Status matching is nothing new in travel. Many large hotels and airlines have some sort of status matching program. Wyndham launched a status matching campaign in the fall, and Hilton recently ran a status matching promotion.

Every successful business must deeply understand their “best customer” – those customers that have an emotional connection to their brand. Best customers have a 306% higher lifetime value, stay with the brand an average of 1.7 years longer (5.1 vs. 3.4) and evangelize much more frequently. So it’s no surprise that acquiring more best customers is a top priority for any loyalty program.

Status matching allows loyal customers of Company A to get equivalent benefits with Company B. The status match is valid for a set time period, say one year, to allow the consumer time to enjoy the perks of the new loyalty program. The hope is to lure members away from Company A and into the program of Company B.  In most cases all that’s required is a copy of your loyalty card in an equivalent program.

The Benefits of Status Matching

Status matching seems like a great way to try to attract loyal customers of your competitors. Many status perks are “soft costs” such as early check-in or free Wi-Fi. These items are easy for hotels or airlines to offer with minimal impact to their margins.

From a customer perspective, travelers will receive a higher level of treatment then if they started a new account from zero. In the consumer’s mind it lowers the risk associated with trying a new airline or hotel’s loyalty program.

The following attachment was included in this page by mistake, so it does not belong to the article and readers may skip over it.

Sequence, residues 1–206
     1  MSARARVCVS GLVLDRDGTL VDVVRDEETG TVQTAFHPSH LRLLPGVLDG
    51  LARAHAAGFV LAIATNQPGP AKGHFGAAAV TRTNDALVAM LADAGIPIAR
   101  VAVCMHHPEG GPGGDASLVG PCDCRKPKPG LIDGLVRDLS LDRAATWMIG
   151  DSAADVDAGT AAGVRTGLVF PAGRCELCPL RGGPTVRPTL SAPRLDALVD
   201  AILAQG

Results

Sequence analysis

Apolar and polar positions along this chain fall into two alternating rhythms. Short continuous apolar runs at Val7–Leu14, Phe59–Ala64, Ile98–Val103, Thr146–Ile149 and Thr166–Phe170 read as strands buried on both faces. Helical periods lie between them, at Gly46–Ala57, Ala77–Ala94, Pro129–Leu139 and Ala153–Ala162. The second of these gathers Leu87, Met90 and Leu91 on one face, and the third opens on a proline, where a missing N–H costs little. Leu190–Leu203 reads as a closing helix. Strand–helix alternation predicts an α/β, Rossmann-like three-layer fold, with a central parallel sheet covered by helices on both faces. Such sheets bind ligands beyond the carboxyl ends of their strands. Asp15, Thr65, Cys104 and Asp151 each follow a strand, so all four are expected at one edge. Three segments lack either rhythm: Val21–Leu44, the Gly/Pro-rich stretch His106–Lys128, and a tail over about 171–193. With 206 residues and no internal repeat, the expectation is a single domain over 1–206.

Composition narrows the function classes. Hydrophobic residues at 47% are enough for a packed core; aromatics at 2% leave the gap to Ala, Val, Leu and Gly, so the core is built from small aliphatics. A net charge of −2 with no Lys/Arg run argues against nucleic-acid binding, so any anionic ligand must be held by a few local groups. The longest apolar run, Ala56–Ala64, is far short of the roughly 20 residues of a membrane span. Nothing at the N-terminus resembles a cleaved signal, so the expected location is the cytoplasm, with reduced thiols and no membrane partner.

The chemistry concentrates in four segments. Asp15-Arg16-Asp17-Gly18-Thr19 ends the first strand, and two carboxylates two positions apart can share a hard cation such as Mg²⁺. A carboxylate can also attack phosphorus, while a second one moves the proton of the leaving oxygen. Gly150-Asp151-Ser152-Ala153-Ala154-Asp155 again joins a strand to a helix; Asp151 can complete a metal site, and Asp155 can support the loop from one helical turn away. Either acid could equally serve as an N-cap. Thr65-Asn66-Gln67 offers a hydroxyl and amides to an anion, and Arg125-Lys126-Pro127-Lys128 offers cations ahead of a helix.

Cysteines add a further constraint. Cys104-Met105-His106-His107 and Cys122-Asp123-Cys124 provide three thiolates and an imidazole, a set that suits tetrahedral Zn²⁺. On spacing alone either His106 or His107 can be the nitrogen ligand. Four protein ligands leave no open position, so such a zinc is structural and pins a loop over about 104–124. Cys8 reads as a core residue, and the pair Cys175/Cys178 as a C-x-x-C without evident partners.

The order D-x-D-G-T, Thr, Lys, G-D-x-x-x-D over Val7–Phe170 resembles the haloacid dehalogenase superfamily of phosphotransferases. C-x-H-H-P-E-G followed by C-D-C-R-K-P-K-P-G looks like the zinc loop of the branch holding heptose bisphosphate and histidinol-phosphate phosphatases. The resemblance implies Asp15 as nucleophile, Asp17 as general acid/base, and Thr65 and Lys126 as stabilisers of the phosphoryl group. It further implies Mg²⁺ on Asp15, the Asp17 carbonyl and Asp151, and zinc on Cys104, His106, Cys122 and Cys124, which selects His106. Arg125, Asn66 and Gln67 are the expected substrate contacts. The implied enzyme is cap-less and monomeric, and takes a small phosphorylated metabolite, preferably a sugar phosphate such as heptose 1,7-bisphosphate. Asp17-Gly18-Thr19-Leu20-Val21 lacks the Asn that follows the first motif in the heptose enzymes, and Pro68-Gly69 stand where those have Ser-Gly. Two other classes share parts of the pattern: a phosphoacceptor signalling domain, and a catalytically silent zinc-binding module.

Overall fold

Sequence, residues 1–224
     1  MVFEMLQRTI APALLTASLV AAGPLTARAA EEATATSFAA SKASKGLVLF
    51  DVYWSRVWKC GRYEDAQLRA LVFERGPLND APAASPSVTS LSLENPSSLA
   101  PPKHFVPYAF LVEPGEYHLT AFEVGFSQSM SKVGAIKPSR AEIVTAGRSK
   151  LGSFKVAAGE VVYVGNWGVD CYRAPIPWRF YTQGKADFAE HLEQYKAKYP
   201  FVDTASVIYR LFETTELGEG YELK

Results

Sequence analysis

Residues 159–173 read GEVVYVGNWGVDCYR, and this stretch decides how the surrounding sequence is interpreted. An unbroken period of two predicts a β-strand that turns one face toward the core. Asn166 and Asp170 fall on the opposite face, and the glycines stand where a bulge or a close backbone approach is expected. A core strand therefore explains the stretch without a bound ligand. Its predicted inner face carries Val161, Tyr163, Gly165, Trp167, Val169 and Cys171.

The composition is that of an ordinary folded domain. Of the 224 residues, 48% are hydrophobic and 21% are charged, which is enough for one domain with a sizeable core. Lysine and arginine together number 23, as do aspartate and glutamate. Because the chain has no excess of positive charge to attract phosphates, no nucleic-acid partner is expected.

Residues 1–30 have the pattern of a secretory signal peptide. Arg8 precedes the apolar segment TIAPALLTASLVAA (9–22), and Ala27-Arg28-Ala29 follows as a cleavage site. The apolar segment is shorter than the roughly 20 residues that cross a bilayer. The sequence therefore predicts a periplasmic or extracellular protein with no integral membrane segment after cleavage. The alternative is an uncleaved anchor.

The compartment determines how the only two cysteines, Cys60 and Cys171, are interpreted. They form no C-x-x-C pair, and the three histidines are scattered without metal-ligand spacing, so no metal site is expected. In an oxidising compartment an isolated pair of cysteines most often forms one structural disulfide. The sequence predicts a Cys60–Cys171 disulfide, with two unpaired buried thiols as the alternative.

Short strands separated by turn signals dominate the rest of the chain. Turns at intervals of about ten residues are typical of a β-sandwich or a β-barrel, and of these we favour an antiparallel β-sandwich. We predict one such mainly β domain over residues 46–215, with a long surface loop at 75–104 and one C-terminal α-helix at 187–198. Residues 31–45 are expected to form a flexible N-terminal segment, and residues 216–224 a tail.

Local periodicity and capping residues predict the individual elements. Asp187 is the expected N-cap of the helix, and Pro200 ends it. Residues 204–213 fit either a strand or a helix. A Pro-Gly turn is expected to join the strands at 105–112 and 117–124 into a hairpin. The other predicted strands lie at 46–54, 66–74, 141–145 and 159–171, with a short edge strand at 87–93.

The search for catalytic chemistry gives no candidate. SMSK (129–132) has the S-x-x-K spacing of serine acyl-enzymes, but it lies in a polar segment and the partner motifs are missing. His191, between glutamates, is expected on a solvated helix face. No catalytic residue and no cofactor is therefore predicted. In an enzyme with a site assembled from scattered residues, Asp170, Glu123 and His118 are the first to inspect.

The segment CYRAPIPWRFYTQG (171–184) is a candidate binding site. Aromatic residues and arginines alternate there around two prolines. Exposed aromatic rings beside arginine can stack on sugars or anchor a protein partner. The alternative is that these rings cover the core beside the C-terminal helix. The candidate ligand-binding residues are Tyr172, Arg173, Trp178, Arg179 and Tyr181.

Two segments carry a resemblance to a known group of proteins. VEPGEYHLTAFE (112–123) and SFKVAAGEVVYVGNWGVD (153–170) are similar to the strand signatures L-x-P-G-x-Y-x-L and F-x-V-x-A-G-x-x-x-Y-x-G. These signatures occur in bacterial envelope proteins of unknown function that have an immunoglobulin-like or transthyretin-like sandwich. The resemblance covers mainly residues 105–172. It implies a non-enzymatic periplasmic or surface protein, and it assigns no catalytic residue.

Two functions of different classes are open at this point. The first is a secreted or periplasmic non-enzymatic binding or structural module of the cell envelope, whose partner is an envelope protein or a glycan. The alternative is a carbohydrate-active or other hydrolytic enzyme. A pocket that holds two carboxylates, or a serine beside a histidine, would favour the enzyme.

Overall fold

Does it Work?

The real question is, what is the value of status matching campaigns? Are they successful in bringing new customers into the loyalty program fold? Despite the ubiquitousness of these programs, there are notable exceptions: Accor Hotels doesn’t match loyalty levels at all, and Delta’s status matching program is famously exclusive. There appears to be little consensus among top travel brands if status matching should be a priority.

We went in search of answers from some of the largest status matching campaigns.

Re: Starwood defectors in the wake of the Marriott acquisition

Status matching’s renaissance began in 2015 with the Marriott acquisition of Starwood. As angry Starwood loyalty members took to Twitter to express their ire, Hyatt and Hilton swooped in, offering generous matches.

@JonoH I apologize, we have had over 10,000 requests and are working around the clock as quickly as we can! ^BP – Hyatt Concierge via Twitter.

The message from the Hilton representative suggests that elite hotel members have been proactively reaching out to them rather than HHonors running its own outbound campaign. This may suggest that travelers are so willing to give up their loyalty that they’re actively pursuing other suitors.

Re: Southwest’s city-by-city status match run in 2017/2019

Southwest made a similar pitch earlier this year to targeted customers around the country, and in three California markets last year. The company declined to comment on the success of those earlier efforts.